Amnesty International is urging Armenia and Azerbaijan to immediately investigate the use of "inaccurate and indiscriminate weapons" in heavily populated civilian areas during the recent fighting over the breakaway Nagorno-Karabakh region, saying such attacks violated international law.
Both sides to the conflict have denied targeting civilians during the conflict "despite incontrovertible evidence that they have both done so," using internationally banned cluster munitions and other explosive weapons "with wide area effects," the London-based human rights watchdog said in a report on January 13.
"Civilians were killed, families were torn apart, and countless homes were destroyed," Marie Struthers, the group's Eastern Europe and Central Asia director, said in a statement.
Struthers said attacks “were repeatedly carried out on civilian residential areas far from frontlines, and where there often did not appear to be any military targets in the vicinity.”
Amnesty International said it had analyzed "18 strikes by Armenian and Azerbaijan forces which unlawfully killed civilians," and "visited dozens of strike sites" on both sides after a Moscow-brokered cease-fire agreement put an end to six weeks of fighting in and around Nagorno-Karabakh on November 10, 2020.
The group said that 146 civilians, including children and older people, died in the conflict, which claimed more than 6,000 lives.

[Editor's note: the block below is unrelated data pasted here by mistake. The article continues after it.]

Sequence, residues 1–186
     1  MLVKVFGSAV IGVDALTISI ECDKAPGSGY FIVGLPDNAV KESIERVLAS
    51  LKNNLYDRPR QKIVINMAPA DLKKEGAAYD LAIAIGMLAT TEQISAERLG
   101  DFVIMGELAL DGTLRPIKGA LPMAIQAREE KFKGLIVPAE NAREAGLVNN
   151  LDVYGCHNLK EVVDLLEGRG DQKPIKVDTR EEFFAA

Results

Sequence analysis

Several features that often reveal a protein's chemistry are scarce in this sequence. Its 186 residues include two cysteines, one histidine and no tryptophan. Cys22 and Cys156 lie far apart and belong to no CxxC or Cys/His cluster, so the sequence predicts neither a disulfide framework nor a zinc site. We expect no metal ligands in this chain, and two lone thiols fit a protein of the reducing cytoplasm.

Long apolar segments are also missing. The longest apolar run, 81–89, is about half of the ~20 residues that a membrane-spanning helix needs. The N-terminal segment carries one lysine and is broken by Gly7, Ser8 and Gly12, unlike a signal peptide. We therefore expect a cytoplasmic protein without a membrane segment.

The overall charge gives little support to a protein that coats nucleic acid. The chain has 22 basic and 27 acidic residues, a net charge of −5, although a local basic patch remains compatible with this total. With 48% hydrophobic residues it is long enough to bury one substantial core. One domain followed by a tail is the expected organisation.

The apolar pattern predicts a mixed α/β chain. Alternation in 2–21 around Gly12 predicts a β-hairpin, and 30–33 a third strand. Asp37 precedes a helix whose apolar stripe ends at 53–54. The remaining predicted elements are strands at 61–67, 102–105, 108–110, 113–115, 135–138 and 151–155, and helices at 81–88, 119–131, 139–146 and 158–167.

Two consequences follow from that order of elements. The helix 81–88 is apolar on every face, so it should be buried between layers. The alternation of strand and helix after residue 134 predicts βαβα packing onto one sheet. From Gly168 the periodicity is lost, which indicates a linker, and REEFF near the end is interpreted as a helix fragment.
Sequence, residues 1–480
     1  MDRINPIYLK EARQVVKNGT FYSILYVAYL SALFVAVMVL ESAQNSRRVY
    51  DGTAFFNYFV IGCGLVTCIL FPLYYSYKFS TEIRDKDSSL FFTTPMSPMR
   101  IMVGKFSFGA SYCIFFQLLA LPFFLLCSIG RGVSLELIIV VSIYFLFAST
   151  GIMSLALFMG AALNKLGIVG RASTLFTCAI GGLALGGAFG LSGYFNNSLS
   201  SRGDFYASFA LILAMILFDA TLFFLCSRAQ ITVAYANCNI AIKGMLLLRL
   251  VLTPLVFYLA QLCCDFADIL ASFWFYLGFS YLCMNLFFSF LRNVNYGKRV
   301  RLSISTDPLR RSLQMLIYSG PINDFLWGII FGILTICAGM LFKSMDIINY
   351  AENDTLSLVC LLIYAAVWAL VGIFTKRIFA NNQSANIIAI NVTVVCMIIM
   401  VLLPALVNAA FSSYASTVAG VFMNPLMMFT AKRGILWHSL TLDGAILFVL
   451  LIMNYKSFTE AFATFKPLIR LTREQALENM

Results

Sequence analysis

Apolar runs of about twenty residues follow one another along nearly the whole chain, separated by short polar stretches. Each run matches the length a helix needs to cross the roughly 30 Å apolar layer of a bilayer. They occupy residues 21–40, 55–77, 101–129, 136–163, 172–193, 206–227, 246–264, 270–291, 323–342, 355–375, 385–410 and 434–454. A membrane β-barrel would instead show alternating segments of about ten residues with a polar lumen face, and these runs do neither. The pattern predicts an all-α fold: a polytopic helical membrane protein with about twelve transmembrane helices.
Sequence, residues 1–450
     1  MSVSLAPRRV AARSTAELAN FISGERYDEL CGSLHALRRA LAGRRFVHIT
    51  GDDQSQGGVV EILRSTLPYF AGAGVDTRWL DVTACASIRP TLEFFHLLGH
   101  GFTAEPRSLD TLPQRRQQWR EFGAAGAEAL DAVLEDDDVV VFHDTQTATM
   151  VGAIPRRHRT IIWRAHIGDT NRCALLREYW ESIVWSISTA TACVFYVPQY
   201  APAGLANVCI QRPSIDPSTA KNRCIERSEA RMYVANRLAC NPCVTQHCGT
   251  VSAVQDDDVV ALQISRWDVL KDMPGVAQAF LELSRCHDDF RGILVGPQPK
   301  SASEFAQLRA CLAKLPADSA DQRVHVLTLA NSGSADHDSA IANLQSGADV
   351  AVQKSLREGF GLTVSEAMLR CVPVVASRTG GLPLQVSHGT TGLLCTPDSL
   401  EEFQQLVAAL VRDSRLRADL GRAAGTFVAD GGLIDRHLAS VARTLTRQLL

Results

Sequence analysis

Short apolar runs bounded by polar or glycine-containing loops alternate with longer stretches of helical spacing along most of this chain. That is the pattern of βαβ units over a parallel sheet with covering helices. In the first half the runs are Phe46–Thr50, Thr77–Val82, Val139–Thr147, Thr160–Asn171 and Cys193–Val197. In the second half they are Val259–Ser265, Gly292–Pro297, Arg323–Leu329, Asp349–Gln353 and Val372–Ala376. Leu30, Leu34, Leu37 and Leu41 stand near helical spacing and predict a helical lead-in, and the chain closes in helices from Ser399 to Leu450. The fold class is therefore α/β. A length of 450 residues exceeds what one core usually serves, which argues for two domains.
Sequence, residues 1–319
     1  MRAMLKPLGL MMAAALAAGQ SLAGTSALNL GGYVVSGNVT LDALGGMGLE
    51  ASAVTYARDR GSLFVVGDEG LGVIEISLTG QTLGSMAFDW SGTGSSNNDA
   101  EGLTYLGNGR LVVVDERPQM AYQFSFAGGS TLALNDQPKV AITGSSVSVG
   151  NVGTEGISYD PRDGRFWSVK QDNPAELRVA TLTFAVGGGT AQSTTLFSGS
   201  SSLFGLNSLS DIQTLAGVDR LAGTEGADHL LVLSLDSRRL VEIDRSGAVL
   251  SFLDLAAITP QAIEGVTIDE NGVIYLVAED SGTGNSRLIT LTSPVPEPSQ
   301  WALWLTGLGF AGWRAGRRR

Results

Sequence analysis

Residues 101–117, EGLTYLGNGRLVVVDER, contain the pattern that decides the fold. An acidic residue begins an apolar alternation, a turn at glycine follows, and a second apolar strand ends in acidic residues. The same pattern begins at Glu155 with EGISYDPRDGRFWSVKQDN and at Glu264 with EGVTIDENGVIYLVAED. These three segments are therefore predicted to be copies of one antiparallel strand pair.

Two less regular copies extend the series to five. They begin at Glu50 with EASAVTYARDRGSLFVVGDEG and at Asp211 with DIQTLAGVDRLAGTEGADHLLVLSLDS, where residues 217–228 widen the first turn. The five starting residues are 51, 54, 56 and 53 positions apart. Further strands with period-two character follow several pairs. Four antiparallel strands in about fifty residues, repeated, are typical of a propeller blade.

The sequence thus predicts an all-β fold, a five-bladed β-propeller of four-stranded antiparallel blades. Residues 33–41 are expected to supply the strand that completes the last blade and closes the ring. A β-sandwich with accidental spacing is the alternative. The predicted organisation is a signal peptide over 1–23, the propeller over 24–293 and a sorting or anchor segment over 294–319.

In its report, titled In The Line Of Fire: Civilian Casualties From Unlawful Strikes In The Armenian-Azerbaijani Conflict Over Nagorno-Karabakh, Amnesty International said eight of the strikes were launched by Armenian forces on towns and villages in Azerbaijan that killed 72 civilians.
Nine strikes were carried out by Azerbaijani forces on towns and villages in Nagorno-Karabakh and one town in Armenia, killing 11 civilians, the report said.
According to Amnesty International, Armenian forces used “inaccurate ballistic missiles, unguided multiple-launch rocket systems (MLRS), and artillery,” while Azerbaijani forces “also used unguided artillery and MLRS.”
Both sides also used cluster munitions, which are banned under the international Convention on Cluster Munitions because of their widespread indiscriminate effect and long-lasting danger to civilians.
By employing “these imprecise and deadly weapons in the vicinity of civilian areas, Armenian and Azerbaijani forces violated the laws of war and showed disregard for human life,” said Struthers.
In its annual report published on January 13, New York-based Human Rights Watch also said that both sides to the Nagorno-Karabakh conflict had “committed violations of international humanitarian law that unlawfully harmed civilians.”